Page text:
Sara Saleem, Paulvanna Marimuthu and Sami Habib
Enterprise information systems (EIS) nowadays experience the problem of over maintenance and increased operational costs due to the installation of many independent servers to accommodate either new or existing projects/applications. Most of the servers are underutilized, consumed more electrical power due to operations and cooling, and increased operative and administrative expenses. In this paper, we propose a server consolidation approach to improve the servers’ utilization, whereby the lowest utilized servers in the EIS are removed and their clients are rerouted to the remaining servers with acceptable utilization and network delay. We have utilized two random distribution schemes to select the servers for distributing the clients: single nearest server at random and multiple servers at random. We have validated our proposed server consolidation approach by simulating the enterprise information network using OPNET Modeler and analyzing the utilization of servers before and after the servers consolidation. The simulation results demonstrate that the multiple server distribution approach shows better performance with improved utilization ranging from 27% to 37% and with 16% reduced annual operational cost.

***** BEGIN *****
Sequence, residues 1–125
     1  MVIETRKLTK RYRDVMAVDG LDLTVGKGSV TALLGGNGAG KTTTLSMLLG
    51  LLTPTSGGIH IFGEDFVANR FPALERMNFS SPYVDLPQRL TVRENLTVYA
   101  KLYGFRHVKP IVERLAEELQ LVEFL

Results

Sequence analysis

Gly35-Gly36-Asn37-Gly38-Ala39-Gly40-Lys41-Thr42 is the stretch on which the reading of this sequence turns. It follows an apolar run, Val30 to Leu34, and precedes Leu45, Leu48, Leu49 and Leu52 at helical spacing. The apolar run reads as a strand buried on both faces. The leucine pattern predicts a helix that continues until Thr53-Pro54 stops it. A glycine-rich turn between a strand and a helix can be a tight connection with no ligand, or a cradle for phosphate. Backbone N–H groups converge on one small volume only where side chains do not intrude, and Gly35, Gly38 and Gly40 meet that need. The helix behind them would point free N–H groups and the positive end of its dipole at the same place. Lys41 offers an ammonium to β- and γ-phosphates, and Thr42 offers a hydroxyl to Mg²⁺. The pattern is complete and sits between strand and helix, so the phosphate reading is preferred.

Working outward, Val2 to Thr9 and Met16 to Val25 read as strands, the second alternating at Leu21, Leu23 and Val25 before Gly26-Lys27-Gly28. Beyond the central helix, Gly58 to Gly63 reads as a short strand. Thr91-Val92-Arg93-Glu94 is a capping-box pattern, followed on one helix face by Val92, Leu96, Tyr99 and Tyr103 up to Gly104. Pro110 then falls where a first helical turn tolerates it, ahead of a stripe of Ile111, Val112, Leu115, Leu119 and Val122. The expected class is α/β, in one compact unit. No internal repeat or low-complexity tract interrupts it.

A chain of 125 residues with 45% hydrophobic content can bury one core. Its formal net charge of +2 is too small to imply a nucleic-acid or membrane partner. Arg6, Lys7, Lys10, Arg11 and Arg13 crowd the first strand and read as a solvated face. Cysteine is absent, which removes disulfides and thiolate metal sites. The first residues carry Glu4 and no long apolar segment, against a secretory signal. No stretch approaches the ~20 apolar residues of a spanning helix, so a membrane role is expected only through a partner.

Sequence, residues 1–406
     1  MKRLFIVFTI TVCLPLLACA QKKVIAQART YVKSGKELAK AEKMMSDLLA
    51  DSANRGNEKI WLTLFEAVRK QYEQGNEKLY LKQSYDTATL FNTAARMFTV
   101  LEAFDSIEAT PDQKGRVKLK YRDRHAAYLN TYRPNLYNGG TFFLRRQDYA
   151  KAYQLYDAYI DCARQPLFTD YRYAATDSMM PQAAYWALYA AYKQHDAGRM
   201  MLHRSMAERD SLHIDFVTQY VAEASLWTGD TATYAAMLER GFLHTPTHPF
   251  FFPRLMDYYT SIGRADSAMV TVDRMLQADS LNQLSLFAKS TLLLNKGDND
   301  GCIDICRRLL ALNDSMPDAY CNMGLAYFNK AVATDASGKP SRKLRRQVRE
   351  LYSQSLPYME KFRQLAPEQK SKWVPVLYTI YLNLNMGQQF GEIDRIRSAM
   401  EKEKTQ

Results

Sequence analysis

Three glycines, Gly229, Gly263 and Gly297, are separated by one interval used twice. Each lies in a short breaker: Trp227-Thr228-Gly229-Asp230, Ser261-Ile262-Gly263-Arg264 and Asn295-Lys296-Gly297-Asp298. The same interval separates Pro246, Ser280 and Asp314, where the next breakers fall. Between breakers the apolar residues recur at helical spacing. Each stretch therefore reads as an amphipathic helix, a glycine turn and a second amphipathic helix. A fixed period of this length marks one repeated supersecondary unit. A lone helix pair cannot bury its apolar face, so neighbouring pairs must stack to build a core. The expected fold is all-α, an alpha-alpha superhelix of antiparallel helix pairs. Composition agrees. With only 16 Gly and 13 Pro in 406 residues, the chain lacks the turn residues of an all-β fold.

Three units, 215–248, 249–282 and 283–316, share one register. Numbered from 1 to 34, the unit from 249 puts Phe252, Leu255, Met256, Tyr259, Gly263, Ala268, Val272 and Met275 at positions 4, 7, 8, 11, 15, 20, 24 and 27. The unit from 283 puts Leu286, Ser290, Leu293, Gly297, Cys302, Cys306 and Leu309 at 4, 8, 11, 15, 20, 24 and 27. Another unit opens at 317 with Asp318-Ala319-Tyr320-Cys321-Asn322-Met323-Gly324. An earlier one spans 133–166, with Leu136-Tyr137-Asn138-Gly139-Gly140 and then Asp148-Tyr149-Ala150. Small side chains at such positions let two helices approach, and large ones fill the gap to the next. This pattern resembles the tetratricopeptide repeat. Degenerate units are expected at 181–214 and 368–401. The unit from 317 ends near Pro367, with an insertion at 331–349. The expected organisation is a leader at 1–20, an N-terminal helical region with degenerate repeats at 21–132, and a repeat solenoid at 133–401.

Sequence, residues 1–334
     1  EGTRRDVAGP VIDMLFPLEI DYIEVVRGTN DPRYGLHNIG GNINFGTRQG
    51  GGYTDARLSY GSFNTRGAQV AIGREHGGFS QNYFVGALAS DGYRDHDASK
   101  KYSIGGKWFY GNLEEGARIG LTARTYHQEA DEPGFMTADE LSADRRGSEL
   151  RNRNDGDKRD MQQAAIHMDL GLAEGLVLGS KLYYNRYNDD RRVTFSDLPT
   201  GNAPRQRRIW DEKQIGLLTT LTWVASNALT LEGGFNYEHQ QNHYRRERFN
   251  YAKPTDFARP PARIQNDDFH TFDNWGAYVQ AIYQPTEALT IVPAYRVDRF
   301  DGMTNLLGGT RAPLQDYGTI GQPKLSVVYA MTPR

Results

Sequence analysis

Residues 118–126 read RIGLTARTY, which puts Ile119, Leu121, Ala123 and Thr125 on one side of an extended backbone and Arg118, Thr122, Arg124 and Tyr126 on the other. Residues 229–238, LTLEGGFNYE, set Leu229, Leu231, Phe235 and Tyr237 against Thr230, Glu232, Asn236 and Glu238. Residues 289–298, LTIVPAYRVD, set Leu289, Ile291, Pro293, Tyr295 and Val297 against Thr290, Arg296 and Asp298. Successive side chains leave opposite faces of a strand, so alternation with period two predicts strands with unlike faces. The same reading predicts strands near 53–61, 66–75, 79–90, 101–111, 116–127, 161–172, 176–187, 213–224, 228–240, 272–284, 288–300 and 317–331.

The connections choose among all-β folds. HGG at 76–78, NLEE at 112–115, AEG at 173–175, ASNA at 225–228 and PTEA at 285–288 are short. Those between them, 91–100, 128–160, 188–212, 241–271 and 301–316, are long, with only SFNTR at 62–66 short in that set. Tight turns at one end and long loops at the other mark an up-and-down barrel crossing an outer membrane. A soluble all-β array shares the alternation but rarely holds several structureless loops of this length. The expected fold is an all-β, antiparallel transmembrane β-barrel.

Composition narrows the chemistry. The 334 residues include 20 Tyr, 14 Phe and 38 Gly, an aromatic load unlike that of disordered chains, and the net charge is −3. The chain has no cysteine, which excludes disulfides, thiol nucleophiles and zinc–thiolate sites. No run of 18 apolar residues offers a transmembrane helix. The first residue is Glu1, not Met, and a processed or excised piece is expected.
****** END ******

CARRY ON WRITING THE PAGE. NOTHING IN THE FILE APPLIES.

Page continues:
A model of a finite buffer shared by queues with batched Poisson arrivals
Miron Vinarskiy
We study a model of a finite buffer shared by M[x]/M/1 queues. Customer arrivals in each queue are modeled as a batched Poisson process with an arbitrary batch size distribution. The model is a generalization of the Kamoun and Kleinrock model of a packet switch buffer memory shared by M/M/1 queues. A sufficient condition is found, involving quite general buffer sharing policies, for equilibrium state probability distribution to have the product form. For the special case of the geometrically distributed batches and complete sharing buffer policy, we obtain closed form solutions for the normalization constant. The solutions emerge from a few system load configurations and lead to efficient computational procedures for the performance characteristics.